The Hour of the Star, Clarice Lispector's consummate final novel, may well be her masterpiece. Narrated by the cosmopolitan Rodrigo S. M., this brief, strange, and haunting tale is the story of Macabéa, one of life's unfortunates. Living in the slums of Rio and eking out a poor living as a typist, Macabéa loves movies, Coca-Colas, and her rat of a boyfriend; she would like to be like Marilyn Monroe, but she is ugly, underfed, sickly, and unloved.
Lispector’s most shocking novel. The Passion According to G.H., Clarice Lispector’s mystical novel of 1964, concerns a well-to-do Rio sculptress, G.H., who enters her maid’s room, sees a cockroach crawling out of the wardrobe, and, panicking, slams the door - crushing the cockroach - and then watches it die. At the end of the novel, at the height of a spiritual crisis, comes the most famous and most genuinely shocking scene in Brazilian literature....
Italo Calvino imagines a novel capable of endless mutations in this intricately crafted story about writing and readers. If on a Winter's Night a Traveler turns out to be not one novel but 10, each with a different plot, style, ambience, and author, and each interrupted at a moment of suspense. Together they form a labyrinth of literatures, known and unknown, alive and extinct, through which two readers, a male and a female, pursue both the story lines that intrigue them and one another.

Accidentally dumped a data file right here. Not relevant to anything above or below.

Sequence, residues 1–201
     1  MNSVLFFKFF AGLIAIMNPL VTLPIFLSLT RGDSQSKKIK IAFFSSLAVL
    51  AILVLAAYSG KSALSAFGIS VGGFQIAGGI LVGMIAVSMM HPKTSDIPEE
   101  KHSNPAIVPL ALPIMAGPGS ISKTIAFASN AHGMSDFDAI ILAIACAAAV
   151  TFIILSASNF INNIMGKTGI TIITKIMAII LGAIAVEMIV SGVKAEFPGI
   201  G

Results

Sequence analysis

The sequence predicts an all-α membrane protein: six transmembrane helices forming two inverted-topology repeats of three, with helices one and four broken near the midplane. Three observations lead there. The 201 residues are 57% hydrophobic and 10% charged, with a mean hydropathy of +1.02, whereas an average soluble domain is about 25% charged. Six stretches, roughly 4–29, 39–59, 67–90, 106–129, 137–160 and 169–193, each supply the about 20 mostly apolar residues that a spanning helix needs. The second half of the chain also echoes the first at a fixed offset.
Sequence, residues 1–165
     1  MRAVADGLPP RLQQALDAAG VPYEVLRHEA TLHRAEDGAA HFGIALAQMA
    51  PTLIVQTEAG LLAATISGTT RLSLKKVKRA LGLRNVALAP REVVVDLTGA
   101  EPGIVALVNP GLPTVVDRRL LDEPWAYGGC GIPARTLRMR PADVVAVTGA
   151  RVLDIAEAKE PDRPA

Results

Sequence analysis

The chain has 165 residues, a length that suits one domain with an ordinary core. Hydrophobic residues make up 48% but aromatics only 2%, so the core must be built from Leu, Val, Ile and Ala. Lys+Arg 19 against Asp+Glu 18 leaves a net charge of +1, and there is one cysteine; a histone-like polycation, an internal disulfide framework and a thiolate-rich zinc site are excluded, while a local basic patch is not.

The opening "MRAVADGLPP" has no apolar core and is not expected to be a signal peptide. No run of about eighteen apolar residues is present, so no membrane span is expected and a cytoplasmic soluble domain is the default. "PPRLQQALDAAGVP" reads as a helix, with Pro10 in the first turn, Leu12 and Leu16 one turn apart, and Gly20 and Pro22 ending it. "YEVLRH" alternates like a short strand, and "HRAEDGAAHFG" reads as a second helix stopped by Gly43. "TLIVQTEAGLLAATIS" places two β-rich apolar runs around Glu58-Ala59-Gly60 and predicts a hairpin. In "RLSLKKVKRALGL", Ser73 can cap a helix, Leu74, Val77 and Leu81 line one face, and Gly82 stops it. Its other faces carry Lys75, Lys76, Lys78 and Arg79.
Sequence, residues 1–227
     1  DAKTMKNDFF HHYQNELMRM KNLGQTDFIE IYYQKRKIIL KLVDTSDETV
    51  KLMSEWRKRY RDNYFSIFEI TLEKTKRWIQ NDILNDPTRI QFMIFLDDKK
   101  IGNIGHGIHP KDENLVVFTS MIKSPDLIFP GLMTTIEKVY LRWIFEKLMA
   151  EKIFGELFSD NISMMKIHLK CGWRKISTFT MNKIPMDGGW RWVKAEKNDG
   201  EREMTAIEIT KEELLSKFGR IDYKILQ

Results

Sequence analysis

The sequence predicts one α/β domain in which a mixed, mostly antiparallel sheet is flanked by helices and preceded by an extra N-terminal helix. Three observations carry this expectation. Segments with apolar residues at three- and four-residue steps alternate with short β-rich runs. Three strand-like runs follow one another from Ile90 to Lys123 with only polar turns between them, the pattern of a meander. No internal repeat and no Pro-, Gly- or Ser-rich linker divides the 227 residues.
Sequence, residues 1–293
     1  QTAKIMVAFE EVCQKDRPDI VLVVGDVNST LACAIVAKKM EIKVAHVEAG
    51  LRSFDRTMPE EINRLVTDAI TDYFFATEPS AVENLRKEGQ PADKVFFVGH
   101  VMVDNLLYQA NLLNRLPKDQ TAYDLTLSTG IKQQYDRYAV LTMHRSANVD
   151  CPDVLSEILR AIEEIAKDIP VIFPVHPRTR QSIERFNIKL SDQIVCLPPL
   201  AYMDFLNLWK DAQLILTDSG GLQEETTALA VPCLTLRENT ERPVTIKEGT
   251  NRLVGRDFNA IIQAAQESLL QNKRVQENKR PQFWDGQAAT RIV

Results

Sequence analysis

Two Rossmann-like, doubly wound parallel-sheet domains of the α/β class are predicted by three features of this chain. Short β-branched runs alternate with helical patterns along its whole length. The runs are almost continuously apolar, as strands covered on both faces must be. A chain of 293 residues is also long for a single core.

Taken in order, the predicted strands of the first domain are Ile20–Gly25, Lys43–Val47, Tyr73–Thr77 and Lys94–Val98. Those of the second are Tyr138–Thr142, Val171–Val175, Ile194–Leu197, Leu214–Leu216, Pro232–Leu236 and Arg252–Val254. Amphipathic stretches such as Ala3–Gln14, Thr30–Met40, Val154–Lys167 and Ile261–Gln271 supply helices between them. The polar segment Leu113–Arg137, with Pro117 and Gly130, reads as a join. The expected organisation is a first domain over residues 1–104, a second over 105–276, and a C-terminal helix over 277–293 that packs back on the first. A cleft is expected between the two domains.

Likened to the works of Faulkner and Dickens when it was first published 20 years ago, this extraordinarily accomplished debut novel is a brilliantly plotted story of forbidden love and piercing political drama, centered on the tragic decline of an Indian family in the state of Kerala, on the southernmost tip of India. Armed only with the invincible innocence of children, the twins Rahel and Esthappen fashion a childhood for themselves in the shade of the wreck that is their family.
The Sarah Book is Scott McClanahan's continuation of the semi-autobiographical portrait he's been writing over the years about his life in West Virginia. This one is his portrait of love.
Written in a style that is both precise and sumptuous, weirdly archaic and powerfully novel, Zama takes place in the last decade of the 18th century and describes the solitary, suspended existence of Don Diego de Zama, a highly placed servant of the Spanish crown who has been posted to Asunción, the capital of remote Paraguay. There, eaten up by pride, lust, petty grudges, and paranoid fantasies, he does as little as he possibly can while plotting his eventual transfer to Buenos Aires.
This is a reissue of National Book Award finalist Mary Gaitskill's debut collection, Bad Behavior - powerful stories about dislocation, longing, and desire that depict a disenchanted and rebellious urban-fringe generation as it searches for human connection. Now a classic, Bad Behavior made critical waves when it was first published, heralding Gaitskill's arrival on the literary scene and her establishment as a sharp, erotically charged, and audaciously funny writer of contemporary literature.